Precisely 24 years and 2 days later, Dolly Parton was born at home in rural, remote Sevier County, Tennessee. She was the fourth child out of 12 for Avie Lee and Robert Parton. East Tennessee wasn’t exactly a boomtown at the time. So, economically, times were tough for the Parton family.
But, ever the optimist, Dolly Parton says she didn’t necessarily see it that way. She dreamed of Nashville and the Grand Ol’ Opry as a child. But her work, her music, often harkens back to the little country girl born to sharecroppers in East Tennessee.
Even since news broke of her passing on December 31, 2021, it seems like Betty White has been everywhere. Her face lit up magazine covers published in advance of what would have been her January 17, 2022 100th birthday. “People” published a birthday cover and special edition then quickly pivoted to a memorial cover and commemorative special edition.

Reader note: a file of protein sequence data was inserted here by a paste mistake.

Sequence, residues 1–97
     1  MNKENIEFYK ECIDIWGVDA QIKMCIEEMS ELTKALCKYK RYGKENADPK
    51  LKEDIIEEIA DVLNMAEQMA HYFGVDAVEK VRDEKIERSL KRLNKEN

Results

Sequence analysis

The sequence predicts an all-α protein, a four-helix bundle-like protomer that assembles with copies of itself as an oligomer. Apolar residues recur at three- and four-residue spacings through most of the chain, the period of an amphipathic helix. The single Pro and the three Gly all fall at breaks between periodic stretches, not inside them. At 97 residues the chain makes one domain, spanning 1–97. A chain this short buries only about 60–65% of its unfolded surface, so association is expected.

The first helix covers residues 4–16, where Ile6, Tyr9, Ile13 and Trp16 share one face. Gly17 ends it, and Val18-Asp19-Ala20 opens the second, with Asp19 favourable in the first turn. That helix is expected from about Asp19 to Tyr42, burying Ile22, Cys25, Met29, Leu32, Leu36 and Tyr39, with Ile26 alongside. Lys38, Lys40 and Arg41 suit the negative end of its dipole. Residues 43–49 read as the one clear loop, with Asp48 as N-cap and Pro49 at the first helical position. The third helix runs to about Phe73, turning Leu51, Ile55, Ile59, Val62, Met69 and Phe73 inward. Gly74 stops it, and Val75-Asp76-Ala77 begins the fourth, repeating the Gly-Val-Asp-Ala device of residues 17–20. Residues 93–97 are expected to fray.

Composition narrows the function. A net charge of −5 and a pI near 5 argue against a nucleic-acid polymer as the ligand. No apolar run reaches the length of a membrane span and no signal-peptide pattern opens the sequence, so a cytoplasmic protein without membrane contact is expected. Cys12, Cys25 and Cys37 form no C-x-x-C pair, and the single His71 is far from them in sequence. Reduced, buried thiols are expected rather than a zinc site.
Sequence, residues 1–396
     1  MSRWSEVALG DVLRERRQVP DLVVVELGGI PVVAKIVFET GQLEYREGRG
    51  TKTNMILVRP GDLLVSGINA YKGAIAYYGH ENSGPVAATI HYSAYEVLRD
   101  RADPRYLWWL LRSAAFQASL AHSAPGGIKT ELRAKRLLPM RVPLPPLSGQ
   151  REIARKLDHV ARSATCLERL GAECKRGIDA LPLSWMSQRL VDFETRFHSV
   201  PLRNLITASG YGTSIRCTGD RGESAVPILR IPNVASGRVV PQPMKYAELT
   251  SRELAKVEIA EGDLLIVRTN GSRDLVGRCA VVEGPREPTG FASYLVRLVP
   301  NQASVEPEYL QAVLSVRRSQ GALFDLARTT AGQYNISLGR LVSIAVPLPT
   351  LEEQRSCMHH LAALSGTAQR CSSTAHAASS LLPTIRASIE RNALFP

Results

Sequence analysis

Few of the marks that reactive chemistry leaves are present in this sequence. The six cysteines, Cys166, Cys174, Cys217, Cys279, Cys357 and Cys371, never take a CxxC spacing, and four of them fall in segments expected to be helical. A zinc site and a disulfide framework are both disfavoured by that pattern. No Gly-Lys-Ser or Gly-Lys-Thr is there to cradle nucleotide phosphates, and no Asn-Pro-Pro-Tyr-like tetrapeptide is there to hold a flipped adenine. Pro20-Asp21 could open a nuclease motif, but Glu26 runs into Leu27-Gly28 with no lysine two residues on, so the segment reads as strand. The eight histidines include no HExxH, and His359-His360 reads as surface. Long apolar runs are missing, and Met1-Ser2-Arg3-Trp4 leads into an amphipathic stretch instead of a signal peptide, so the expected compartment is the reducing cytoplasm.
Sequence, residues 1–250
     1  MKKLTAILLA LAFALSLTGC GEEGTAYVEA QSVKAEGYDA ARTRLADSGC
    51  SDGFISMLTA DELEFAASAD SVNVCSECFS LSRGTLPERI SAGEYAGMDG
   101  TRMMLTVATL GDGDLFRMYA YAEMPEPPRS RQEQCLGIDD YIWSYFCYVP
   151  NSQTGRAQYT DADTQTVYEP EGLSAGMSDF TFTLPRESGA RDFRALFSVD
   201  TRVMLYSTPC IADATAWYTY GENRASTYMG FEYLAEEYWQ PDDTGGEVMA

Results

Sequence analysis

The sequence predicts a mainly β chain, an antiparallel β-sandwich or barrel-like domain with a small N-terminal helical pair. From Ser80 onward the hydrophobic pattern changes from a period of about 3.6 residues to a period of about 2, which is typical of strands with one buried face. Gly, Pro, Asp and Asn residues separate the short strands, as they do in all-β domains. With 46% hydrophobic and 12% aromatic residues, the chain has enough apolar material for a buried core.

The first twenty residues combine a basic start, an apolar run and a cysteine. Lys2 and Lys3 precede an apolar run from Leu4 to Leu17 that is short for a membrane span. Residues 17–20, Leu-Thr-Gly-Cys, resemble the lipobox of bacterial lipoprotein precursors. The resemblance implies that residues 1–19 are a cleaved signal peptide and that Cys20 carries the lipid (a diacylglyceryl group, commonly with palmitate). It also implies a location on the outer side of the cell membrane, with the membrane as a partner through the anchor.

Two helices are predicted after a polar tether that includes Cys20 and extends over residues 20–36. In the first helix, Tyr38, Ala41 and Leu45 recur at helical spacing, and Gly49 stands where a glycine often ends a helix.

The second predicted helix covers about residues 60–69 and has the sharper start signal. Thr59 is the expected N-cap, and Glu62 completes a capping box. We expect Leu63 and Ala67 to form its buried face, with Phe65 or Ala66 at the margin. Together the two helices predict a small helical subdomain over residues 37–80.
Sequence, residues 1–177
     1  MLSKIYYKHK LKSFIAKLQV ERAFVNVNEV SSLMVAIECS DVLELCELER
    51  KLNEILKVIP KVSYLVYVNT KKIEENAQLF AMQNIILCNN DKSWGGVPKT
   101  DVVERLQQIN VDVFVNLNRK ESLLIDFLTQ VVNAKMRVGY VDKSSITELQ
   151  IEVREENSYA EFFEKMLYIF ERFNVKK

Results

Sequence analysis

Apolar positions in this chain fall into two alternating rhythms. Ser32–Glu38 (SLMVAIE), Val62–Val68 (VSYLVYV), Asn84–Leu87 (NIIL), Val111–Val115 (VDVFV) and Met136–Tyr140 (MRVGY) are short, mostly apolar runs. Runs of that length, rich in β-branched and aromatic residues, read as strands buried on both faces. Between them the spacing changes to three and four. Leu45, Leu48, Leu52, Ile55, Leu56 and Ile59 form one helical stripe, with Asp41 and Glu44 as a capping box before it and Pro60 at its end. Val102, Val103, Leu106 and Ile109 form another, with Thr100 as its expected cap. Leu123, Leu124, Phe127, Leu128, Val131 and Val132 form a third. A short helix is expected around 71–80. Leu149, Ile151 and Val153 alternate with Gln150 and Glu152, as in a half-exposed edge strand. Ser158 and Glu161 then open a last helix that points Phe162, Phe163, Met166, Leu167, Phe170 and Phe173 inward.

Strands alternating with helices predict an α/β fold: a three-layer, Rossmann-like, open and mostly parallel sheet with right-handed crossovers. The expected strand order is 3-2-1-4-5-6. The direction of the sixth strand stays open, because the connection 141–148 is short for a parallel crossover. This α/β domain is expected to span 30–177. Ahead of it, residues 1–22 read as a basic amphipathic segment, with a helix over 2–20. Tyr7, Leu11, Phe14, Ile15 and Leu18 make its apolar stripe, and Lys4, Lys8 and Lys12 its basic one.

White’s 2010 “Saturday Night Live” hosting gig has been rebroadcast and streamed.
“The Golden Palace,” a spinoff of “The Golden Girls” hit Hulu January 2022. And cinemas across the US showed a planned birthday celebration turned memorial documentary about White’s life and career called, simply, “Betty White: A Celebration.”
It’s almost too bad Betty White wasn’t around to promote a new sitcom or a movie project because she seemingly couldn’t be a hotter Hollywood property than she is right now.
Betty White has, of course, surfed atop the waves of Hollywood stardom and big, media hype. Though Betty White had never really sat out of working for any prolonged period since she began her entertainment career back in the 1940s, she capped off a period of high profile success in sitcoms in the 1970s through the 1990s with some hilarious, Emmy nominated guest shots through most of the first decade of the 2000s.